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Tanner v. Succession of Bourland

Court of Appeals of Louisiana, Second Circuit

November 20, 2019

MELODYE TANNER Plaintiff-Appellee
v.
SUCCESSION OF THOMAS R. BOURLAND Defendant-Appellant

          Appealed from the First Judicial District Court for the Parish of Caddo, Louisiana Trial Court No. 599, 854 Honorable Ramon Lafitte, Judge

          MIRAMON LAW, INC. By: Jordan N. Young Patricia N. Miramon Counsel for Appellant

          DAVID L. WHITE Counsel for Appellee

          Before WILLIAMS, MOORE, and STEPHENS, JJ.

          MOORE, J.

         Patricia Miramon, executrix of the estate of Thomas Bourland, appeals a judgment that rejected her claim for a preliminary and permanent injunction to halt executory process filed by the plaintiff, Melodye Tanner, fixed the principal amount due at $162, 000, and awarded Ms. Tanner an attorney fee of $15, 421.50. For the reasons expressed, we affirm in part, reverse in part and remand.

         FACTUAL BACKGROUND

         Tom Bourland was an independent forestry consultant who rented office space from Ms. Tanner, or from her LLC, Biotech South, in Ruston, Louisiana.[1] According to affidavits filed in the case, he was behind in his rent and other fees to Ms. Tanner. He also had a flair for hunting and travel, going on three African safaris with Ms. Tanner between 2011 and 2013 and running up a bill of over $200, 000, mostly advanced by Ms. Tanner. To satisfy these obligations, Bourland executed a promissory note ("the 2014 note") in favor of Ms. Tanner for $200, 000 on June 13, 2014. According to the affidavit of her lawyer, Robert Dawkins, who drafted the 2014 note, the $200, 000 figure was a negotiated amount, as the parties could not agree on the exact amount owed, but it was less than the actual amount. This note was unsecured.

         Between July 2014 and December 2015, Bourland wrote three checks to Ms. Tanner, for a total of $38, 000. On March 10, 2016, he emailed her saying that the 2014 note was to be collected from his life insurance "in the event of my demise during our last safari," that he had reimbursed her $38, 000 for his portion of the safari costs advanced by her, and "I consider the matter closed."

         Despite this email, less than two weeks later, on March 23, 2016, Bourland signed a packet of documents: (1) collateral mortgage note, to order of bearer, for $200, 000, signed and notarized, and marked "ne varietur" for identification with (2) act of collateral mortgage, in favor of any future holder, for $200, 000, affecting his house (Lot 17, Ellerbe Woods subdivision, Caddo Parish), signed, notarized and witnessed; (3) security agreement, listing Bourland as the debtor and Ms. Tanner as the secured party, acknowledging the act of collateral mortgage and pledging the collateral mortgage note to Ms. Tanner; and (4) acknowledgment typed on the bottom of the 2014 note, saying the principal balance due was $162, 000. According to Ms. Tanner, Bourland made no more payments after this.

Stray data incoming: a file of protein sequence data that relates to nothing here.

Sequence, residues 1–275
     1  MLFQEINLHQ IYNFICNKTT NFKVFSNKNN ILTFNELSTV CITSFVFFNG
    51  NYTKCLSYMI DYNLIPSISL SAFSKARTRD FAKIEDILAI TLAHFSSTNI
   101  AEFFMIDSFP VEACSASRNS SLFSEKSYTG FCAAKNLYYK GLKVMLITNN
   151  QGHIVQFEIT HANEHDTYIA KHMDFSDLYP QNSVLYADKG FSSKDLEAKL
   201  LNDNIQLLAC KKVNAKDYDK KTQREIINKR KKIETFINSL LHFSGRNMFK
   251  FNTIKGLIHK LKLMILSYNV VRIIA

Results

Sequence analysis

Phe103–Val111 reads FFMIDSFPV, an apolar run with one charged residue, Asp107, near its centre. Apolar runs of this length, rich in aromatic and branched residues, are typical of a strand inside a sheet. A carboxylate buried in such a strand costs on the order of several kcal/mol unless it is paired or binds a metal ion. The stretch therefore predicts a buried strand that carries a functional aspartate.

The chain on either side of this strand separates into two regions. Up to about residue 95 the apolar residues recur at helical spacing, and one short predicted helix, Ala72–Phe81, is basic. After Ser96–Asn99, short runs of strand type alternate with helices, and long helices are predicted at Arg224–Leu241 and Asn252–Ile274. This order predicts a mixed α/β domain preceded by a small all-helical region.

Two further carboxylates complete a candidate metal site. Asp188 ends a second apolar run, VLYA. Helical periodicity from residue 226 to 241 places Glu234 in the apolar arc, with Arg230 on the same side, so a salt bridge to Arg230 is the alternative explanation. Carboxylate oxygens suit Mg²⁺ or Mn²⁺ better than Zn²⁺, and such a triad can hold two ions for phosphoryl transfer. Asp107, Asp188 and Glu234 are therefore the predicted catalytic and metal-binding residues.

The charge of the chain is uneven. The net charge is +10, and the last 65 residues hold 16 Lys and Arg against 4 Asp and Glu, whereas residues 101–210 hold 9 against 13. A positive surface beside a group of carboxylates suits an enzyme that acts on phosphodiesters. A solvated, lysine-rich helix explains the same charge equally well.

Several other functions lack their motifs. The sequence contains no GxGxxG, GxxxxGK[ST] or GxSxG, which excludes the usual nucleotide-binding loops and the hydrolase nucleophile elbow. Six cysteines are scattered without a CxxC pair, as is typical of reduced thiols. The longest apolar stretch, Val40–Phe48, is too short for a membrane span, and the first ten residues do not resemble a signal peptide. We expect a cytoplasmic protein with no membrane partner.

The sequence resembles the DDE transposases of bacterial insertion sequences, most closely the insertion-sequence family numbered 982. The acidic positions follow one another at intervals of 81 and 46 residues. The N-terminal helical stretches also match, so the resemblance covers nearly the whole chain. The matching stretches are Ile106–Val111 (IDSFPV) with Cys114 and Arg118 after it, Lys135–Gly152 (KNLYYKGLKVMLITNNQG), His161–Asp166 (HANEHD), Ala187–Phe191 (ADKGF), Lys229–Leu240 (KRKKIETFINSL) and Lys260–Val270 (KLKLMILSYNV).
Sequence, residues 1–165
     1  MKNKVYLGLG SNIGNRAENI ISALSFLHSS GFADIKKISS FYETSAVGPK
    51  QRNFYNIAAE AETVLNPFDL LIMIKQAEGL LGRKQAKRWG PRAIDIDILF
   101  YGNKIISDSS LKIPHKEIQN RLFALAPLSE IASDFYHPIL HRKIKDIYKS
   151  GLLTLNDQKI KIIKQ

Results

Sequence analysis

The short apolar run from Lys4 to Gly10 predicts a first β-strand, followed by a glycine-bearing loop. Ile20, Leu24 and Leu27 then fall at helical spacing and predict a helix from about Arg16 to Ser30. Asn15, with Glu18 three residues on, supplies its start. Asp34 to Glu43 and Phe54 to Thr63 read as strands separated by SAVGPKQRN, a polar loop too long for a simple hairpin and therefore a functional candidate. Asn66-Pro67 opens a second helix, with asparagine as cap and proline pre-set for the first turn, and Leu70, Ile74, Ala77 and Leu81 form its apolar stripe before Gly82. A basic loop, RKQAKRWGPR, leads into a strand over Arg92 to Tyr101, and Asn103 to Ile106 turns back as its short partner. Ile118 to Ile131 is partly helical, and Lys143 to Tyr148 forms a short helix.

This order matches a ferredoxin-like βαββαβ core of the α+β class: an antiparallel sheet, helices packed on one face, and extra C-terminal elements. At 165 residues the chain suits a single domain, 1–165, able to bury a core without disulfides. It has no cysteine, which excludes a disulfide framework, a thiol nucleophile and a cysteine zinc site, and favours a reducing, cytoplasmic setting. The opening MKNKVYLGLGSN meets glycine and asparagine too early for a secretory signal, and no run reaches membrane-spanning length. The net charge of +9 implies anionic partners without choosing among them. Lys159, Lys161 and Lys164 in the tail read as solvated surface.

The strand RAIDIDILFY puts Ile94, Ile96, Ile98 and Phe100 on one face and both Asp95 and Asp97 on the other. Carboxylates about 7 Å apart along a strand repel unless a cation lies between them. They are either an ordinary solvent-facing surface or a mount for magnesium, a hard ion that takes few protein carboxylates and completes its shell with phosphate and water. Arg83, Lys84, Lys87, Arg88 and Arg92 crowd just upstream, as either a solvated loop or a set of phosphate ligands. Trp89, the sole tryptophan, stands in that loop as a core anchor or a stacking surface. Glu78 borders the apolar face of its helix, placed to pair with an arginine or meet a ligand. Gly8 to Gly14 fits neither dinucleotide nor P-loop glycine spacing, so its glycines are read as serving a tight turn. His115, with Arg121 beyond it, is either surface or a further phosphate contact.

In June 2016, Ms. Tanner emailed Bourland's insurance agent asking to be listed as mortgage holder over the property. The agent copied this to Bourland, who emailed Ms. Tanner, on July 24, "I'm confused, since I have paid all obligations to you."

         Bourland passed away in March 2017.

         PROCEDURAL HISTORY

         Ms. Tanner filed this petition for executory process about one month later, April 3, 2017. She cited the documents listed above, alleged the principal and interest due was $191, 061.38, plus attorney fees, and demanded a writ of seizure and sale of the property.

         Ms. Miramon, Bourland's attorney and the executrix of his succession, responded with a petition for temporary restraining order ("TRO") and rule to show cause for a preliminary and permanent injunction to halt the seizure and sale. She contended that Bourland had repaid everything he previously owed to Ms. Tanner; he never incurred the amount of debt alleged; and there was no proof of consideration. The district court issued the TRO and scheduled a hearing on the rule.

         Ms. Tanner moved to dissolve the TRO, citing the acknowledgment that Bourland added to the 2014 note in March 2016. She also asked the court to reject all injunctive relief and award her attorney fees for having to defend these claims.

         The parties agreed to submit the matter on affidavits. In early April 2018, Ms. Tanner filed seven, denying Ms. Miramon's contention that there was no consideration, asserting that by the time Bourland signed the 2014 note he actually owed her close to $230, 000, and conceding that the principal balance due was $162, 000.

         Ms. Miramon then filed two affidavits, again asserting Bourland's March 2016 email denying that there was any balance left, and maintaining that he never told her (Ms. Miramon) about those 2016 documents, a fact that she considered "very unusual."

         At a hearing in May 2018, Ms. Miramon argued that the only debt was $38, 000, which Bourland had paid in full; if there was any rent claim, the proper party to claim it was Ms. Tanner's LLC, not Ms. Tanner; and the acknowledgment was not in authentic form, so it could not support executory process.[2] Ms. Tanner argued that her name, not her LLC's, appeared on every document; Bourland's acknowledgment of the debt overrode his earlier ...


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